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A visual model approach to extract regions of interest in microscopical images of basal cell carcinoma

Contributed equally
Diagnostic Pathology20138 (Suppl 1) :S36

  • Published:


  • Basal Cell Carcinoma
  • Human Visual System
  • Virtual Slide
  • Cortex Function
  • Euclidean Metrics


The virtual microscopy is a discipline that emulates the interaction between an expert with a microscopical sample upon a high resolution digital slide [1]. This type of technology is used for medical training and medical education, but so far it has been exclusively used in research environments because of the large computational requirements [2]. For instance, after digitizing 1cm2 of a physical slide at a level of ×20 magnification, the resulting virtual slide amounts to a 4GB [3], that must be processed, transmitted, explored and analyzed in real time. This picture can be even worsen since a typical laboratory takes hundreds of slides each week [4].

Overall, a typical pathologist does not explore the entire slide, but instead she/he focus her/his analysis on a few number of visual fields or regions of interest (RoI ). In consequence, recognition of RoI in microscopical images may be a potential source of knowledge in many diagnostic tasks. Such RoIs would introduce new learning paradigms that would be used in medical education, medical training and diagnosis assistance. In addition, a precise determination of such regions can highly reduce the computational and transmission charge of informative regions from a sample. However, automatic recognition of such regions is really a challenging task because of the inherent randomness of tissue’s cutting, color tissue properties and tissue orientation.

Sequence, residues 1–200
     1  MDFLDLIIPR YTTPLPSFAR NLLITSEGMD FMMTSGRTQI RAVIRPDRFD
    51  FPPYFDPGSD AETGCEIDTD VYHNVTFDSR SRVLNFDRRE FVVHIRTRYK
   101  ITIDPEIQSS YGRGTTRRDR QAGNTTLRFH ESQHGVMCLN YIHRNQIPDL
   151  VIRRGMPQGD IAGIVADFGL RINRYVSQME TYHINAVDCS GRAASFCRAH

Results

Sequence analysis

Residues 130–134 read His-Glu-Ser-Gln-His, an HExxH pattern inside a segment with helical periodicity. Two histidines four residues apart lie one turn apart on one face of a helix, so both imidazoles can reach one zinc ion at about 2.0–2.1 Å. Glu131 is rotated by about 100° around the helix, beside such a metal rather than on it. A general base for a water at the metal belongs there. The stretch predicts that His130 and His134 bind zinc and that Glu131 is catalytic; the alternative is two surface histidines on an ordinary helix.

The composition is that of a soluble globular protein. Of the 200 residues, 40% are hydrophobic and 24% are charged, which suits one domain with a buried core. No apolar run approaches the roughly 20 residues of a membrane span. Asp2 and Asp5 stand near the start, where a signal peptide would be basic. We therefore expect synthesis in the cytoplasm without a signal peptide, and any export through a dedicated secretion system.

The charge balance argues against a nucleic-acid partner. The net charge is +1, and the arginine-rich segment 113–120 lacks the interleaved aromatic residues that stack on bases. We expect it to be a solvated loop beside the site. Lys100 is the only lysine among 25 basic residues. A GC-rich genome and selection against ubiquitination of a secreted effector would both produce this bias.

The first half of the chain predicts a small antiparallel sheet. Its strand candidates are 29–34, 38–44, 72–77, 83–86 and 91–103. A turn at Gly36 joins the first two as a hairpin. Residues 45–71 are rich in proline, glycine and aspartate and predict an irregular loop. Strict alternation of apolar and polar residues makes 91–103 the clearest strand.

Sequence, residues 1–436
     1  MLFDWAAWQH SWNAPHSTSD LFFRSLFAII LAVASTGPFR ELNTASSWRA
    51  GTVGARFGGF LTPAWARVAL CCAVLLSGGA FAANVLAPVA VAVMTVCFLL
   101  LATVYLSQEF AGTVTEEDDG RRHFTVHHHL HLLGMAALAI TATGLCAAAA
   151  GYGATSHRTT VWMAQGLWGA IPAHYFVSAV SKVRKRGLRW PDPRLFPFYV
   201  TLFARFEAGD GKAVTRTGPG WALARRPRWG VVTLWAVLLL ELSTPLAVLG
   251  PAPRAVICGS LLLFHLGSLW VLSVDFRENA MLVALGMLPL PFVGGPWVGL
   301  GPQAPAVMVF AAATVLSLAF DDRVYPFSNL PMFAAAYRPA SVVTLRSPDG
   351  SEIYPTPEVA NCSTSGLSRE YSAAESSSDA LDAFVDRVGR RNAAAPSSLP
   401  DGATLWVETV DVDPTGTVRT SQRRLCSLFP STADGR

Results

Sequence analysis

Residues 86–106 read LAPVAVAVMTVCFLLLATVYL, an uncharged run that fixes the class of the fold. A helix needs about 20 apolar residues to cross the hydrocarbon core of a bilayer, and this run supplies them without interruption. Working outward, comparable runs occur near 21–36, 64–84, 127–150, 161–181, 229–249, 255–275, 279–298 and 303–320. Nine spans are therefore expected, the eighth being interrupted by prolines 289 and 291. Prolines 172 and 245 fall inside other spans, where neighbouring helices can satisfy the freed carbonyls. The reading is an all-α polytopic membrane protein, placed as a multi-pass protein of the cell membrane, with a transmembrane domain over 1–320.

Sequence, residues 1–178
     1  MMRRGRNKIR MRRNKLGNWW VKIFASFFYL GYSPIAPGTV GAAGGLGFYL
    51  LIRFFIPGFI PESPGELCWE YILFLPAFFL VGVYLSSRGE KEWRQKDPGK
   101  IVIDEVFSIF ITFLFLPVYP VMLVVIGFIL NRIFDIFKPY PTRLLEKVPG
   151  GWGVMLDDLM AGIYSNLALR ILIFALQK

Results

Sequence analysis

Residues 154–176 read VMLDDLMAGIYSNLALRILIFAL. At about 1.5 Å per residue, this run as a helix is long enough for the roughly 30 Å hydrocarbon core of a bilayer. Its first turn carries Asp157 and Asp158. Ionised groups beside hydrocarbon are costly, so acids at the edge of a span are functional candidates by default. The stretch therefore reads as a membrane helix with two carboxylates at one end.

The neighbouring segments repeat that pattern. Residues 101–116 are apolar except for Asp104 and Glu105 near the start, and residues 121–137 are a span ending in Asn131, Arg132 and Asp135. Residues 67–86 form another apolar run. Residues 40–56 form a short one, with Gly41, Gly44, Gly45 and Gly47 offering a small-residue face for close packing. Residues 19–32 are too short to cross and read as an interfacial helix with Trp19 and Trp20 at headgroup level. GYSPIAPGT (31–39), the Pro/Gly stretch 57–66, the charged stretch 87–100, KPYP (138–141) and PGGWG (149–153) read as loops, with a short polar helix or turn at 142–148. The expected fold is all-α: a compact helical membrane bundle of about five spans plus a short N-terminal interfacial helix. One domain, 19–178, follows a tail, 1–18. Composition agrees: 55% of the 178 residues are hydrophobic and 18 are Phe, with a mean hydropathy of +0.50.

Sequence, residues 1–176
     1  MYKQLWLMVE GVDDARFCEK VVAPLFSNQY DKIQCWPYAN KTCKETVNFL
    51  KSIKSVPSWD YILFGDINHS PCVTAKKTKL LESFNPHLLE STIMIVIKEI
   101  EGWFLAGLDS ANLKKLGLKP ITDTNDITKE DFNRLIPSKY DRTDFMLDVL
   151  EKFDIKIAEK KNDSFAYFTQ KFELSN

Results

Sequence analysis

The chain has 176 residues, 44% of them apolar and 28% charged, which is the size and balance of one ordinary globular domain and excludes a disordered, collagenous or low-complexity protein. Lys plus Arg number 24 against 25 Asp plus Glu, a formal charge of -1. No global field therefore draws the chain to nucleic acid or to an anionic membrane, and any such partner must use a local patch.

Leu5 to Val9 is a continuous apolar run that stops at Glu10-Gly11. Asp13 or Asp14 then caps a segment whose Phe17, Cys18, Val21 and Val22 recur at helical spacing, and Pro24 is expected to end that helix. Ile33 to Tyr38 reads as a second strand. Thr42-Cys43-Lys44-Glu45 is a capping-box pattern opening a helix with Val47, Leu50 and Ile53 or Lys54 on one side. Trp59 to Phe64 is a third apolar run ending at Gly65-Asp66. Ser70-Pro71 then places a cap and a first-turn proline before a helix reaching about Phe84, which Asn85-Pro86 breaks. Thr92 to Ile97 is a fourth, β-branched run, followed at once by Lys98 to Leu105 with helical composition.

In spite of these difficulties, the pathologist efficiently recognizes regions of interest in several domains by fusing image and task dependent information into a unique framework. This paper proposes a novel automatic approach to recognize RoIs by emulating the processing of the human visual system (HVS), not only modeling the preattentional process but also integrating it with high level processes. Hence, this paper extends our previous work [5] by including structural information about the relationships between several objects and texture recognition as higher cortex functions. These processes are necessary to minimally perceive the core of a scene, just as it is carried out within the pathologist memory [6], and therefore, to identify relevant regions for diagnosis.

Material and methods

Experimental setup